Sat. Jun 15th, 2024
alert-–-disturbing-discovery-in-drinking-water-that-could-cause-cancer-–-with-almost-2million-aussies-feared-exposedAlert – Disturbing discovery in drinking water that could cause cancer – with almost 2million Aussies feared exposed

Almost two million ns could have been exposed to cancer-causing chemicals detected in their tap water, a major investigation has uncovered. 

It comes amid growing fears about the long-term impact of so-called ‘forever chemicals’ which can linger for a lifetime in the human body. 

In the last six months, the World Health Organisation has concluded that forever chemical perfluorooctanoic acid (PFOA) is carcinogenic to humans, while the US Environmental Protection Agency found there was no safe level of PFOA or perfluorooctane sulfonate (PFOS) in water.

But PFOA, which experts believe causes cancer, is currently allowed in ’s drinking water at 140 times the maximum level the US will permit.

A major investigation, carried out by the Sydney Morning Herald, discovered the chemicals were found in tap water in every state and territory across the country since 2010 – affecting up to 1.8million people. 

The investigation, which analysed the latest publicly available data from 2011 and more recent surveys, found the chemicals were detected in the tap water in the Sydney suburbs of North Richmond, Quakers Hill, Liverpool, Blacktown, Emu Plains and Campbelltown.

They were also found in other parts of NSW including Newcastle, Bathurst, Wagga Wagga and Jervis Bay – the latter as recently as last October.

The pollutants were discovered in Canberra, parts of inner-city Melbourne, inner-city Adelaide, Cairns and Gladstone in Queensland, outer suburbs of Hobart and parts of the Northern Territory.

While the last public surveys were conducted over a decade ago, several water providers have carried out their own tests in recent years.

Alarmingly, these surveys found that the chemicals are still present in some of the same locations, sometimes at even higher concentrations.

One of the most worrying readings came in 2020 at the popular tourist destination Norfolk Island, 1,600km north-east of Sydney, where chemicals were discovered at 635 times ‘s safe limit and thousands of times the US enforceable limit.

The now-decommissioned water bore where the pollutants were found supplied the hospital, fire station and public toilets. 

Other concerning readings where water supplies were subsequently decommissioned were the Queensland towns of Ayr, Bundaberg and Macknade.

In the US, the maximum limits of PFOA and PFOS in drinking water is four parts per trillion, whereas in guidelines allow for 560 parts per trillion of PFOA and 70 parts per trillion of PFOS.  

All 23 affected n drinking water providers told the Sydney Morning Herald that their water is safe because levels detected fall within ’s drinking water guidelines.

But Dr Nicholas Chartres, a senior research fellow from the University of Sydney’s faculty of medicine and health, said people in were just as much at risk as those in the US.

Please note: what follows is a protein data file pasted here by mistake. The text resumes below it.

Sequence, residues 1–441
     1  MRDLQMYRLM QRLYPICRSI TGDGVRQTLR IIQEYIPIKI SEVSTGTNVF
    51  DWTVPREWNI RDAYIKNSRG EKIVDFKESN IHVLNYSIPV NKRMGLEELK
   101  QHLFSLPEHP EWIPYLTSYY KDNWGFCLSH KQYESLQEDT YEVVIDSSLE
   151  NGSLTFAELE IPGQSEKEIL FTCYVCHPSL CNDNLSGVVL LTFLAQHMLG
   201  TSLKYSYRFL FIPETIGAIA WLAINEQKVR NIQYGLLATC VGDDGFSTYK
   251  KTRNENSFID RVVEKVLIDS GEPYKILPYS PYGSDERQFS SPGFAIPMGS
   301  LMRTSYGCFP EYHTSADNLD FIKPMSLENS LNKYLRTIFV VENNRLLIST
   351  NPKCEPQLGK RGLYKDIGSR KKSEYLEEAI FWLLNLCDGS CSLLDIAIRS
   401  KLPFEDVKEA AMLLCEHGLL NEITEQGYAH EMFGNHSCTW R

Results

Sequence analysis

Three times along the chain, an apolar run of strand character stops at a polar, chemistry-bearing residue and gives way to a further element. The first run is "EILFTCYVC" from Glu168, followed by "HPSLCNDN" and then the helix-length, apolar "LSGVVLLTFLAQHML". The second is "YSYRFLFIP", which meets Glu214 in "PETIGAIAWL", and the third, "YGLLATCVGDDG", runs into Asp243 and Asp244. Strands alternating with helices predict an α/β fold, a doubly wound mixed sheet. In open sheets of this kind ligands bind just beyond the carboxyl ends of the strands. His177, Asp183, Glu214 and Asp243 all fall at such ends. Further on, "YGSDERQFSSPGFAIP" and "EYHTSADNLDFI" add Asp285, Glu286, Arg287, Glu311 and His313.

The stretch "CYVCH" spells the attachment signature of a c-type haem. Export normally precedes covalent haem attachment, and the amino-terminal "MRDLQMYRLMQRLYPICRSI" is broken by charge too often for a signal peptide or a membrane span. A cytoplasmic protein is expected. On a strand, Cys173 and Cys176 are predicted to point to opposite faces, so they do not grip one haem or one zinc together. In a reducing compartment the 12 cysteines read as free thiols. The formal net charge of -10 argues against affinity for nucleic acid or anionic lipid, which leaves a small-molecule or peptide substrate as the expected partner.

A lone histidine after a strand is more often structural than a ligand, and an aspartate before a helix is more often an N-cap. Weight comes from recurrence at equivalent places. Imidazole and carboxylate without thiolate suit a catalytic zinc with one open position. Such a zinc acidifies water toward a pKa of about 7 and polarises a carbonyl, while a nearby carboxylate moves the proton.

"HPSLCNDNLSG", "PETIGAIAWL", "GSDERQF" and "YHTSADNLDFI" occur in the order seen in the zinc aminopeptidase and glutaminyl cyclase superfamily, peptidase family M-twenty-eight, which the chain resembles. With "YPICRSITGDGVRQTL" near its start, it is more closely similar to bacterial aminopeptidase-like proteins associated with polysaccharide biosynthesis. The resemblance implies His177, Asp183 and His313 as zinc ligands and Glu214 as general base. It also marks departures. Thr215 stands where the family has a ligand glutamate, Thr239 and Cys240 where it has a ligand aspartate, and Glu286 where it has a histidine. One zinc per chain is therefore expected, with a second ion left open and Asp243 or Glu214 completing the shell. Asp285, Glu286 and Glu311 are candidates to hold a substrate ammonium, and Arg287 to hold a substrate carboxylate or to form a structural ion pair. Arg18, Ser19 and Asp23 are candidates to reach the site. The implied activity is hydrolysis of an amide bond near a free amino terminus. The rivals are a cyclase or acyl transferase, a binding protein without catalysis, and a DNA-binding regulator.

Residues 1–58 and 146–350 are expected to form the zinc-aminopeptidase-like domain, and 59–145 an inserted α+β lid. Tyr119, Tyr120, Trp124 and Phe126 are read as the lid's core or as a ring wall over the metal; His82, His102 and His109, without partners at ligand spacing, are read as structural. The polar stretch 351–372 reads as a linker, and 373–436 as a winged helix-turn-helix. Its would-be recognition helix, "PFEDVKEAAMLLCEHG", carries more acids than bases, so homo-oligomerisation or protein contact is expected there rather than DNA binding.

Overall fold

‘We’re no different, physiologically,’ Dr Chartres told the paper. 

‘We should have the concern we’re potentially getting exposed to those health effects.’

Dr Chartes called on the n government to bring the country in line with the US’s new regulations. 

Meanwhile, Dr Mariann Lloyd-Smith, a toxic chemicals campaigner who has served on United Nations expert committees, slammed ‘s forever chemical limits as a ‘national disgrace’.

Anthony Amis, from Friends of the Earth, has been analysing the spread of forever chemicals for years. 

NSW:

Bathurst 

Blacktown  

Campbelltown

Emu Plains

Gundagai   

Lithgow

Liverpool

North Richmond 

Quakers Hill

Wagga Wagga 

Yass 

NORTHERN TERRITORY: 

Larrakeyah   

Nightcliff 

QUEENSLAND:

Cairns

Gladstone

ACT:

Canberra

VICTORIA:

Footscray

Riddells Creek

SOUTH :

Glenunga

WESTERN : 

Marruben 

Rottnest Island 

TASMANIA:

Kingborough

*None of these areas exceed the current permitted levels of the ‘s Drinking Water Guidelines

‘Some of the communities would have been drinking PFAS at dangerous levels for years, and possibly decades,’ Mr Amis said.

‘Why is it that people have been exposed at these levels, without regulatory bodies knowing until very recently?’ 

PFOS was detected at North Richmond as recently as January. It is the only site where Sydney Water regularly tests for PFOS. 

But a Sydney Water spokesperson said there were no known PFAS hotspots in its drinking water catchments.

‘Sydney Water regularly consults with WaterNSW, our raw water supplier, and NSW Health to assess any potential risk of PFAS to Sydney’s drinking water supply,’ they said.

The National Health and Medical Research Council, which develops ‘s Drinking Water Guidelines, is reviewing its recommendations for PFAS in the wake of the US decision to lower its permitted levels.

‘The independent review will consider recent guidance and reviews from international and national jurisdictions and determine whether they are suitable to adopt or adapt for ,’ a Department of Health spokesperson said.

Forever chemicals became ubiquitous since their development in the 1940s, making jackets waterproof, carpets stain-resistant, frying pans non-stick and were used in firefighting foam.

In 2023, manufacturing multinational 3M reached a $10.3bn settlement with US public water bodies in the face of more than 4000 lawsuits filed against 3M and other chemical companies.

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